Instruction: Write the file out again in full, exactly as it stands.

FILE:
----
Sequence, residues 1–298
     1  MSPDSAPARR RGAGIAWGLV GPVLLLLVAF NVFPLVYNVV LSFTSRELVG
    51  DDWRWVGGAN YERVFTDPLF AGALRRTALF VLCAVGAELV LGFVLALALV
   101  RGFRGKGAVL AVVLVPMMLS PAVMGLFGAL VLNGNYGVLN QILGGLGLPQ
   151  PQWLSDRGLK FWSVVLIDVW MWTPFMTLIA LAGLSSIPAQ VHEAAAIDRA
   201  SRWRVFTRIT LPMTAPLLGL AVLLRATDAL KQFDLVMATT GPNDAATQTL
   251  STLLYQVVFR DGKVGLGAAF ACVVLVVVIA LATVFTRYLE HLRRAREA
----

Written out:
Sequence, residues 1–298
     1  MSPDSAPARR RGAGIAWGLV GPVLLLLVAF NVFPLVYNVV LSFTSRELVG
    51  DDWRWVGGAN YERVFTDPLF AGALRRTALF VLCAVGAELV LGFVLALALV
   101  RGFRGKGAVL AVVLVPMMLS PAVMGLFGAL VLNGNYGVLN QILGGLGLPQ
   151  PQWLSDRGLK FWSVVLIDVW MWTPFMTLIA LAGLSSIPAQ VHEAAAIDRA
   201  SRWRVFTRIT LPMTAPLLGL AVLLRATDAL KQFDLVMATT GPNDAATQTL
   251  STLLYQVVFR DGKVGLGAAF ACVVLVVVIA LATVFTRYLE HLRRAREA